On the other hand, we tried some pinot noirs that were not just encouraging but outright fine achievements, though, as one would expect, they were individual expressions of the grape; all pinot noir wines don’t have to imitate the Holy Grail of Burgundy, but they need to be recognizably varietal. One of these was the Spätburgunder 2005 from Heiner Sauer, an organic producer since 1987 in the village of Böchingen, in Pfalz. (Sauer also owns Bodegas Palmera, a winery in the Utiel Requena region of Spain.) Sauer’s Spätburgunder ’05 sported a radiant medium ruby-magenta color; a deeply spicy, smoky bouquet of mulberry and black cherry; and a chewy, almost muscular texture that cushioned elements of leather and moss, black pepper and cloves, fruit cake and plums. The wine aged 10 months in barriques, of which 50 percent were new barrels. This excellent pinot noir, both authentic and individual, would sell in Germany for 17.5 euros, or about $24.70.

Another well-made pinot noir was the Rotwein (“Red Wine”) Barrique 2007 from Weingut Peter Jakob Kühn, a rigorously biodynamic estate in the Rheingau village of Oestrich (and I’ll write more about this estate and its methods in a few days). As seems to be the case with pinot noir wines from Rheingau, Rheinhessen and Pfalz, this one emphasizes the grape’s spicy aspects; is this stylistic choice or climatic necessity? The color was a lovely medium ruby with a slight brick-red cast; the bouquet delivered beguiling aromas of cloves and allspice with spiced red and black currants and plums. The wine was quite dry, earthy and loamy, reminding me of some location-focused pinots from Oregon’s Willamette Valley, and while there was a sufficient (though not abundant) quantity of delicious black fruit flavors, the wood really showed itself from mid-palate back. Personally, I could have used a grilled veal chop with this wine, but we were in the tasting room at Weingut Peter Jakob Kühn, and no such thing was in sight. If you lived in Germany, you would pay 22.70 euros for this wine, about $32.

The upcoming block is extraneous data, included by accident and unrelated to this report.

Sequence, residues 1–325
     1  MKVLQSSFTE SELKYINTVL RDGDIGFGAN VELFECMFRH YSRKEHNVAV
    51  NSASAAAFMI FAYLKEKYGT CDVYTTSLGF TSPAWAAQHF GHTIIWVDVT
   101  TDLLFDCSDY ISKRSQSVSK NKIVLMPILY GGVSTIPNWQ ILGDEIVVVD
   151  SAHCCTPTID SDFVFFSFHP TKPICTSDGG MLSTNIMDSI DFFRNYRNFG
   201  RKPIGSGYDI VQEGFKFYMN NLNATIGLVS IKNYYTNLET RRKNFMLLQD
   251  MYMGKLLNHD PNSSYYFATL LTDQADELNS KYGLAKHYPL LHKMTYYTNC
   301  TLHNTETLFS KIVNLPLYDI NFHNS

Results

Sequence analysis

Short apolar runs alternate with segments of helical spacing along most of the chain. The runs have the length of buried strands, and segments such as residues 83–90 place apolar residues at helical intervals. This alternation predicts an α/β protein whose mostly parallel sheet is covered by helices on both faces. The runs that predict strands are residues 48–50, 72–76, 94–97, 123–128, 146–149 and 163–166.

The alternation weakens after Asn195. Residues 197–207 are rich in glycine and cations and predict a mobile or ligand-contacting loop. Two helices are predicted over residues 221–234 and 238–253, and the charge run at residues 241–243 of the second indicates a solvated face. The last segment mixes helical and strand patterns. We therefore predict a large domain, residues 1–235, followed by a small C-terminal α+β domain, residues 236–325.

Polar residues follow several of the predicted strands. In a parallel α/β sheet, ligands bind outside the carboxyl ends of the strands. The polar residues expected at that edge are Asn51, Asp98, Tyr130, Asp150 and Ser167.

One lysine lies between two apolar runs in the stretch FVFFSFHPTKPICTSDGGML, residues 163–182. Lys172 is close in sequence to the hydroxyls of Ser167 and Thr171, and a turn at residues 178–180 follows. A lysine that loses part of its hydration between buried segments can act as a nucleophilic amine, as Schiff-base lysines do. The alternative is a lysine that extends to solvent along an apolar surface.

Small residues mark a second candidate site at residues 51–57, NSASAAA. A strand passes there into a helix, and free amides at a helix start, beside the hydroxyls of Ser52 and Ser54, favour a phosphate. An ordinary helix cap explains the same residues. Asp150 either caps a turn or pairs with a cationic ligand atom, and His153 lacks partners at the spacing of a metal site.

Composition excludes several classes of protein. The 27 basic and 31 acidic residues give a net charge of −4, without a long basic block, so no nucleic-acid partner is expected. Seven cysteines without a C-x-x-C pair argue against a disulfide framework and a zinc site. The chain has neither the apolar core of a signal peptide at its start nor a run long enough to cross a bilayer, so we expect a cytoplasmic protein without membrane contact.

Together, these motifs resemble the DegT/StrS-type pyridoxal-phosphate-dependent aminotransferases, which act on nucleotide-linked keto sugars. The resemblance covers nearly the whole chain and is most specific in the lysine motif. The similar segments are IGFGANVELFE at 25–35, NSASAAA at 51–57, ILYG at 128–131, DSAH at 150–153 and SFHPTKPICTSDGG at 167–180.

The wines of Weingut Heimer Sauer and Weingut Peter Jakob Kühn are imported to the United States by Domaine Select Wine Estates.

Truly, though, the pinot noir that I enjoyed the most in Germany came on our first night in Oppenheim, at the restaurant L’herbe de Provence in Hotel Zwo, a sleek place that, like the other small-town establishments where we ate, consisted of a restaurant that occupied the entire first floor with two floors of rooms above. The main course at this introductory meal was a “back” of a country-style “Donnersberger” suckling pig served with asparagus and polenta; with it we drank a Guntersblumer Eiserne Hand Spätburgunder trocken 2007 from the Gehimrat Schnell winery. This was a lovely little pinot that boasted a ravishing bouquet of plums, mulberries, dried spices and dried flowers and winsome flavors of macerated and spiced red and black currants with overtones of lilacs and brambles. Not a great pinot noir by any means, but immensely appealing and drinkable. It would set you back the lordly sum of 8 euros, about $11.30.